Encouraged by an evergrowing awareness concerning the faulty approach modern-day science cultivates toward medicine, we’ve begun searching for more efficient ways and methods of maintaining health. Seemingly unusual treatments the ancient cultures practiced became topics of conversation among the scientists who dare to think outside of the petrochemical box. One of such treatments originates from the Indian medical system (i.e. Ayurveda) which described silver as a potent therapeutic agent for many diseases. In this presentation, I’ll take you through some of the scientifically proven health benefits of silver.
Silver found its application as a medical agent in 4000 b.c.e. Kings and aristocrats insisted on using silver vessels, not necessarily to denote wealth, but for the ability of silver to eliminate bacteria and preserve the freshness of water. The capability of silver to treat burns, ulcers, infected wounds, and various maladies was well known. Its use in different forms remained widespread until the advent of antibiotics after World War II. Nowadays, silver is being used as a component in various medical devices, such as post-operative incision dressings, blood and urinary catheters, endotracheal tubes, orthopedic devices, vascular prostheses, and the sewing ring of prosthetic heart valves. Silver is also commonly used as an alternative disinfectant in cases when traditional disinfectants such as chlorine may result in the formation of toxic by-products or cause corrosion of surfaces. Aside from medical applications, silver has also become a popular containment of dietary supplements.
Wonders Of Silver Ions
The efficacy of silver ions in inhibiting the growth and multiplication of microorganisms, including Escherichia coli and Staphylococcus aureus, has been proven by Korean scientists from the Laboratory of Toxicology, Seoul National University, and by Mr. James Collin’s team, which found that silver, in the form of dissolved ions makes the bacteria cell more permeable and interferes with the cell’s metabolism, leading to the overproduction of reactive and toxic oxygen compounds. Transmission electron microscopy showed significant changes in the bacterial cell membranes upon silver ion treatment. The study suggests that silver ions punch holes in bacterial membranes and wreak havoc when inside. They bind to essential cell components (e.g. DNA), thus, preventing the bacteria from performing even their most basic functions. Dead bacteria act like sponges, soaking up silver as they die, which turns them into “zombies” and causes them to wipe out their living compatriots. Silver ions cause Escherichia coli and Staphylococcus aureus bacteria to reach an active but nonculturable state and eventually die. This discovery led Collin’s team to the conclusion that silver makes antibiotics up to a thousand times more effective against resistant bacteria. Mr. Vance Fowler, an infectious-disease physician at Duke University in Durham, North Carolina, says before adding silver to antibiotics, we must address toxicity very carefully to avoid causing argyria or harming the heart tissue.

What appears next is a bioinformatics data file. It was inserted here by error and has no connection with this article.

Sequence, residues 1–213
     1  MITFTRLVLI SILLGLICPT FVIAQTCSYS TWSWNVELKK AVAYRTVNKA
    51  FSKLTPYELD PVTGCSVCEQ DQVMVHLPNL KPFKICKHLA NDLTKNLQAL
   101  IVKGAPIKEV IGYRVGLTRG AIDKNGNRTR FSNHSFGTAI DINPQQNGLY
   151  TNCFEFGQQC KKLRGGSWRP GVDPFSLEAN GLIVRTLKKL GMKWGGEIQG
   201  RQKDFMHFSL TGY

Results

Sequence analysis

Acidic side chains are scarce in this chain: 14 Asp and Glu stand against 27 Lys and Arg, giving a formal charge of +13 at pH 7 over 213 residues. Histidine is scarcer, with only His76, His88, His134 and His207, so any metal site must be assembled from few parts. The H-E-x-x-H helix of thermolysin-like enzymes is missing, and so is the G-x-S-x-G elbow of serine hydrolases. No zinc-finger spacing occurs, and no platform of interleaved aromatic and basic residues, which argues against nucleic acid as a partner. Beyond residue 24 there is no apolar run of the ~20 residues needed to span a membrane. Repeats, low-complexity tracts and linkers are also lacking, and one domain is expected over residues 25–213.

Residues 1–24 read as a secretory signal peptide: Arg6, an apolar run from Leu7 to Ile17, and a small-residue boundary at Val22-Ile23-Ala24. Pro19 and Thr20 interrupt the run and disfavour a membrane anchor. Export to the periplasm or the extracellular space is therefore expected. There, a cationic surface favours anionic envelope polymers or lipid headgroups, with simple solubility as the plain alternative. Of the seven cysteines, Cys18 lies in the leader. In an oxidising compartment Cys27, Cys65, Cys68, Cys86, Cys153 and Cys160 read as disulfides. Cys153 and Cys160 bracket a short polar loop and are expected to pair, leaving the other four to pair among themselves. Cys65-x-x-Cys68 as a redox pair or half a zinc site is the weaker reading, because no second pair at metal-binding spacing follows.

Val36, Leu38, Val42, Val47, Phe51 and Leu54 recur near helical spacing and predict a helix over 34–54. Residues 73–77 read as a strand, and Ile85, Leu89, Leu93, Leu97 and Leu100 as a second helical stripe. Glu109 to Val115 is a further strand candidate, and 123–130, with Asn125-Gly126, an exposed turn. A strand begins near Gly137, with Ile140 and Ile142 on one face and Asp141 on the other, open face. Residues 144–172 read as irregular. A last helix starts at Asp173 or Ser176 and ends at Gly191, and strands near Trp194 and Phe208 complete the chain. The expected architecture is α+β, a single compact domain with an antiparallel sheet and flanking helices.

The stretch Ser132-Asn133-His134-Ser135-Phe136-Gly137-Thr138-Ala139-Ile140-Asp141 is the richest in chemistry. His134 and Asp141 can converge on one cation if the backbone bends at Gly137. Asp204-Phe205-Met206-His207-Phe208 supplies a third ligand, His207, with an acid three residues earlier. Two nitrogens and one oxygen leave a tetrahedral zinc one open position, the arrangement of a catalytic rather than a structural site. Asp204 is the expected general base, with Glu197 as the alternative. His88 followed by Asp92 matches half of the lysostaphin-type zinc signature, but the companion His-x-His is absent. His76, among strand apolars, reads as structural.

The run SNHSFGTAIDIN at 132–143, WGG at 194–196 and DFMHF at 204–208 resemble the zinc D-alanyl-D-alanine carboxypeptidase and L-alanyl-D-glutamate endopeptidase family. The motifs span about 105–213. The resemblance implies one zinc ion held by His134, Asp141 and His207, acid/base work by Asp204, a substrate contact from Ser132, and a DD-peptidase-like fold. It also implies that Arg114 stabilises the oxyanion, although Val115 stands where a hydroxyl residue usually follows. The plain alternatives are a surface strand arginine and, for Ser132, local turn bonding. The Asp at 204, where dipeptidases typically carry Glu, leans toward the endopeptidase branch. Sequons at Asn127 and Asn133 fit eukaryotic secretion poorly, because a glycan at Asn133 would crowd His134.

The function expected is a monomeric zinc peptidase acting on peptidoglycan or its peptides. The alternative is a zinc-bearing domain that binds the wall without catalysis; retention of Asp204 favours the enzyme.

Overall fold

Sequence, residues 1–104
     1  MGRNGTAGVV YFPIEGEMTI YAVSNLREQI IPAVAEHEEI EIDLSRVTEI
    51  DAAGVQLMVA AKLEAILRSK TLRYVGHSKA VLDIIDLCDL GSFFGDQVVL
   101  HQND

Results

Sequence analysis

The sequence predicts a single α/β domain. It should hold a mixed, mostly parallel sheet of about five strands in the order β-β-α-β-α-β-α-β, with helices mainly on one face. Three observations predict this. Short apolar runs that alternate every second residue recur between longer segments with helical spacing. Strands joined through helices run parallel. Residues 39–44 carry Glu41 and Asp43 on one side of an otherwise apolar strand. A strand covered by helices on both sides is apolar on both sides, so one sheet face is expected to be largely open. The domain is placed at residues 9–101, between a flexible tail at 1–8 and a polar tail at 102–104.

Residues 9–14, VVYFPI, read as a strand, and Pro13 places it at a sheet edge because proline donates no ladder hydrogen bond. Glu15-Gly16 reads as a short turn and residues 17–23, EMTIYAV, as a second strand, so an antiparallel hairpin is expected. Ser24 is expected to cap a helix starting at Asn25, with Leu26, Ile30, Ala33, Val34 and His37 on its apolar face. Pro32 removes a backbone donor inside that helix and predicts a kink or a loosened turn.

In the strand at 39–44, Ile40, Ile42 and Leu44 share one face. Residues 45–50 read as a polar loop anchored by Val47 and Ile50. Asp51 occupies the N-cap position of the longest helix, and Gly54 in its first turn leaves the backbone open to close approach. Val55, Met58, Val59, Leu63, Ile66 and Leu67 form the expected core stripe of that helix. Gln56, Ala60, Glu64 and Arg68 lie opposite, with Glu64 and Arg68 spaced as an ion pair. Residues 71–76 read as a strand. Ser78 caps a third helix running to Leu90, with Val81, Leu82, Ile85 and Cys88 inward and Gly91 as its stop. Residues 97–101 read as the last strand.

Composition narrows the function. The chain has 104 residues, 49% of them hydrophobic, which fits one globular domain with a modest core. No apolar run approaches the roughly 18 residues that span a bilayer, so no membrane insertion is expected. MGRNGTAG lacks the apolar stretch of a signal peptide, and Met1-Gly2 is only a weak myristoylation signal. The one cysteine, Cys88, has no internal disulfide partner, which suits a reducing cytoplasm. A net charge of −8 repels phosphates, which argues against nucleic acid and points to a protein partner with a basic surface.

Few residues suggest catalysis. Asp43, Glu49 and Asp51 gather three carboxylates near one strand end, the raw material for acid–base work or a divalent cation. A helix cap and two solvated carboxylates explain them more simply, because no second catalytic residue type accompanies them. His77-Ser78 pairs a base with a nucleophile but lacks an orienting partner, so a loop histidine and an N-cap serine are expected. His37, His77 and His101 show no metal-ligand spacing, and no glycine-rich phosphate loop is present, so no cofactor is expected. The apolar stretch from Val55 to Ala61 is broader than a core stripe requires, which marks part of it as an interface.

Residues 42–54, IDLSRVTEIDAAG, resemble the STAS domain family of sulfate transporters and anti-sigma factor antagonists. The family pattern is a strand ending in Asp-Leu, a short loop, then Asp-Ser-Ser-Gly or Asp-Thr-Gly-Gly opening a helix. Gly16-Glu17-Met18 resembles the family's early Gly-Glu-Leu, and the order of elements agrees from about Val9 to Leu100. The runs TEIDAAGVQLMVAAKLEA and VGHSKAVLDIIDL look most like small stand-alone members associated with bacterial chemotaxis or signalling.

Wonders Of Silver Nanoparticles
Nanotechnology has enabled us to apply pure silver in the size of nanoparticles, which are more efficient than silver ions. Technological breakthroughs opened new therapeutic horizons, and in the case of silver, the currently available data only reveals the surface of the potential benefits and the wide range of applications.
Effects of AgNP (silver nanoparticles) on HIV have been thoroughly examined. Experiments demonstrated the ability of silver nanoparticles to inhibit the transmission of HIV-1 infection in human cervix organ culture, as reported in 2010 by the Journal of Nanobiotechnology. The discovery has laid the ground for the development of new, potent antiviral drugs capable of preventing HIV infection and controlling virus replication.